Master of the Rolls orders retrial of Ashfords negligence claim
13 January 2012 | By Katy Dowell
11 November 2013
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8 November 2013
The Master of the Rolls Lord Neuberger has ordered the retrial of a professional negligence claim brought against Ashfords after the first instance judge His Honour Judge (HHJ) Denyer QC halted the trial after just one day.
Handing down judgment in the case in December, Neuberger MR concluded that HHJ Denyer was wrong to dismiss the claim without hearing it in its entirety, adding: “There must be a new trial in front of a different judge.”
Former client Heather Padden alleged that the firm failed to advise her properly in 2003 in connection with a transaction that cost her her home and interest in certain endowment policies, shares and pensions.
Padden had gone to Ashfords legacy firm Bevan Ashford for advice on whether she should forego her interest in the her family home in Devon to help her repay the victim of her husband’s fraudulent behaviour. He was later sentenced to six year in prison for a £2m theft.
The first instance judge was told how Padden had wanted separate advice from her husband, with her aim being to keep him out of prison for “the sake of the children”.
At Bevan Ashford she was initially seen by a junior lawyer for fewer than 15 minutes and was advised against the transaction. Just weeks later she met with then senior associate Gary Mackay - who has since been made partner and launched the firm’s Bristol office - who signed off on the transactions.
In defence of her negligence claim the firm contended that it had not been in breach of any duty, that the claim was time barred and that it would fail on causation.
HHJ Denyer halted the proceedings one day into a three-day hearing stating that there was no case to answer.
A Court of Appeal (CoA) panel of three chaired by Neuberger MR alongside Lord Justices Hughes and Sullivan said there were three principal areas of concern about the first instance judgement. First, that the judge wrote off the extent of the firm’s involvement in the case; second, that he was preoccupied with the fact that the first meeting between the parties was short and free of charge; and third, that he was too impressed by the claimant’s determination to proceed with the transaction come what may.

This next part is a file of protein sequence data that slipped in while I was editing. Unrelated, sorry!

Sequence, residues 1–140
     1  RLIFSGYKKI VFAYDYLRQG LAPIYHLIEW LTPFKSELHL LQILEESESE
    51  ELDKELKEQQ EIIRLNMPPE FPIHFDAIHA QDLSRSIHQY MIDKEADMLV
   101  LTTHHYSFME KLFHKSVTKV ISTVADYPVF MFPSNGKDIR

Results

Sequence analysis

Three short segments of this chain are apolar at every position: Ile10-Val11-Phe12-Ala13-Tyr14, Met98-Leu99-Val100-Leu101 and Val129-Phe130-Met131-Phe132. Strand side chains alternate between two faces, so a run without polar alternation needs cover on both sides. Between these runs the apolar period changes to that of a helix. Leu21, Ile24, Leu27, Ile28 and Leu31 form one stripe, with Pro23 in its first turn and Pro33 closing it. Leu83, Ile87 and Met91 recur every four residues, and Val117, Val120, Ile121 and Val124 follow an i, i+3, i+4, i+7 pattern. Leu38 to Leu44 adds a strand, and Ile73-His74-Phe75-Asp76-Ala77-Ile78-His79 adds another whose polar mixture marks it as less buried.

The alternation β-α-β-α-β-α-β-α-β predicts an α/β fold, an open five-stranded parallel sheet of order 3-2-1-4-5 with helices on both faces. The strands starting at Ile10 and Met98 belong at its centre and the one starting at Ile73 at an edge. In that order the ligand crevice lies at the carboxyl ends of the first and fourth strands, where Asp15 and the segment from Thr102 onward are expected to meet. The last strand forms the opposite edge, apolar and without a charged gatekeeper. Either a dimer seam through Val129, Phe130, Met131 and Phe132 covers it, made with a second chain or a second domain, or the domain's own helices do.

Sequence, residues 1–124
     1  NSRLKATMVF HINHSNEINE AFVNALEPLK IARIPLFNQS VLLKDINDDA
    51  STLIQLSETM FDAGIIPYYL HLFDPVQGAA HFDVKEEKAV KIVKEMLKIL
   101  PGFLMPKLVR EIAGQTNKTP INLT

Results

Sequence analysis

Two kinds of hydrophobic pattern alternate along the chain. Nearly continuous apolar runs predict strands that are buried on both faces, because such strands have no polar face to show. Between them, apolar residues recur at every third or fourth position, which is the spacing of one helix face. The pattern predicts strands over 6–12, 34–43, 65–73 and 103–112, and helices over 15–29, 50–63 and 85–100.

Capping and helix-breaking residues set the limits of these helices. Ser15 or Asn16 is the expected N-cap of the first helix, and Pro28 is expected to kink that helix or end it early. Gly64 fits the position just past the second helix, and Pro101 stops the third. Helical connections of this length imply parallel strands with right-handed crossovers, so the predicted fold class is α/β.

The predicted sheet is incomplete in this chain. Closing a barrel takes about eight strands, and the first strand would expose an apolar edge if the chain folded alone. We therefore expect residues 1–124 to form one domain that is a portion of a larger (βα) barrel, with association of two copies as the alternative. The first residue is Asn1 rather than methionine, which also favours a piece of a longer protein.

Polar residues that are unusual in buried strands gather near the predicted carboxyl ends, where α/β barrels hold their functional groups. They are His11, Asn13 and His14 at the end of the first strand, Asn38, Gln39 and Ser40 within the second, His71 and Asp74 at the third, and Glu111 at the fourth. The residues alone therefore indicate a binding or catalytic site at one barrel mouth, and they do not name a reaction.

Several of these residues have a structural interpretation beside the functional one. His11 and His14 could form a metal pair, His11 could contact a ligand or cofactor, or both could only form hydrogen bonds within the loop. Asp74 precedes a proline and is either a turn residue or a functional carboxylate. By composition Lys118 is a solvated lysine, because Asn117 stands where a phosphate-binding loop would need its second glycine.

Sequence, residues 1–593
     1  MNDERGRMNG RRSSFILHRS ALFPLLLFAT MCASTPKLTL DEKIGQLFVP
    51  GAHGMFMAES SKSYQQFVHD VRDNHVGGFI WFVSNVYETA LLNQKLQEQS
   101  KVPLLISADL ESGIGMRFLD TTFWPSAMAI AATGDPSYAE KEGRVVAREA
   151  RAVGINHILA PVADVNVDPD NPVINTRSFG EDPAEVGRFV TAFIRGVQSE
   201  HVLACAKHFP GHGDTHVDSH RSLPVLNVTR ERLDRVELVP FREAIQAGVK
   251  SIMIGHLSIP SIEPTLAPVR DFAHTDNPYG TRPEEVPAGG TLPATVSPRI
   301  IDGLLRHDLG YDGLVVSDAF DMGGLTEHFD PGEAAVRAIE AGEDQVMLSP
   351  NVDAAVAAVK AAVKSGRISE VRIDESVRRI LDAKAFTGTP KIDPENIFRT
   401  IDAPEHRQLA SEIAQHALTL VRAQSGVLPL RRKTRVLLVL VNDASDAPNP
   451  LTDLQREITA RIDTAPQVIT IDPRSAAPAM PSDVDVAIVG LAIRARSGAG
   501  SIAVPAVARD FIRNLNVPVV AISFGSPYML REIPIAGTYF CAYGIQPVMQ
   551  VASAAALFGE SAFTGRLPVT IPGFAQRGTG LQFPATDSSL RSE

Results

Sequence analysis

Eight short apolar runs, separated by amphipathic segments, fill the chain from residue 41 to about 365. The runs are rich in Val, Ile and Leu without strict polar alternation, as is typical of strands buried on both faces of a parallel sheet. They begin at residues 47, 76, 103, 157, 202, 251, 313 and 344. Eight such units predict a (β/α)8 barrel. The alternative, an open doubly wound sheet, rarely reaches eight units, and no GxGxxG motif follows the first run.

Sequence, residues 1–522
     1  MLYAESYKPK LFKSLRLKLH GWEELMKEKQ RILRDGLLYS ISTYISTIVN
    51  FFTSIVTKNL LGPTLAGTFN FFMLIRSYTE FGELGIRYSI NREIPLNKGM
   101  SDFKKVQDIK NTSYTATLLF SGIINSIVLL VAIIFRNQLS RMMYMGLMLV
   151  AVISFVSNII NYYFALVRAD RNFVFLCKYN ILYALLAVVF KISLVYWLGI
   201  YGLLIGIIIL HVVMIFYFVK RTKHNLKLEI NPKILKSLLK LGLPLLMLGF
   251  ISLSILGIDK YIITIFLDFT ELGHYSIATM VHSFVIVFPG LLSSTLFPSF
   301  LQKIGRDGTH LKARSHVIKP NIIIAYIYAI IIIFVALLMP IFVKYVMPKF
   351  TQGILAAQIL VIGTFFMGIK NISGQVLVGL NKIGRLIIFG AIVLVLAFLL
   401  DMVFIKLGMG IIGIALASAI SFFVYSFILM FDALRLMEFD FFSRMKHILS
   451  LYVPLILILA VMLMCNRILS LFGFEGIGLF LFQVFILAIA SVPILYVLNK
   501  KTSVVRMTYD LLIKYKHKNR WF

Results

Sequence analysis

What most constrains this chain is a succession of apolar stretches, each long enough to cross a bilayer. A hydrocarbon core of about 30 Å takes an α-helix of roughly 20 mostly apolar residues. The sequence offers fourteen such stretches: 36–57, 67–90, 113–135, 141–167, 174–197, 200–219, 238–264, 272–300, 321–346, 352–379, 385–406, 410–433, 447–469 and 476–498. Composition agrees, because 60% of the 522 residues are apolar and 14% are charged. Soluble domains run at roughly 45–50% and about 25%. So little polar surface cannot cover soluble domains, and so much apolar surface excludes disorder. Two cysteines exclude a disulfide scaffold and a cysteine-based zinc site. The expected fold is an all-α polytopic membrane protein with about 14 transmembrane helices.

In signing off the transaction, Neuberger MR found, Mackay had done more than appear just as a witness to the transaction.
According to the CoA ruling: “Given that the claimant’s husband took the claimant to a solicitor to witness their signatures on the four documents, and to give the certificate, a judge may well conclude that it was likely that a competent solicitor would have ensured that he understood the basic nature of the transaction contained in the four documents.”
It was the solicitor’s duty to ensure that the client was properly advised not simply to protect her position but to ensure the third party - in this case the victim of the fraud - could counter any assertion that Padden was overborne by her husband.
Ordering a retrial in front of a new judge, Neuberger MR stated: “The basis of the evidence which he heard and read and the primary fact-findings which he made, the judge was wrong to conclude that the defendants had complied with their duty to the claimant […], and it is not possible for this court to hold that the claimant would have acted no differently if she had been properly advised.”
The firm instructed 1 Chancery Lane’s Karen Shuman directly while Padden was advised by 13KBW’s Richard Owen-Thomas, who was instructed by Samuels Solicitors.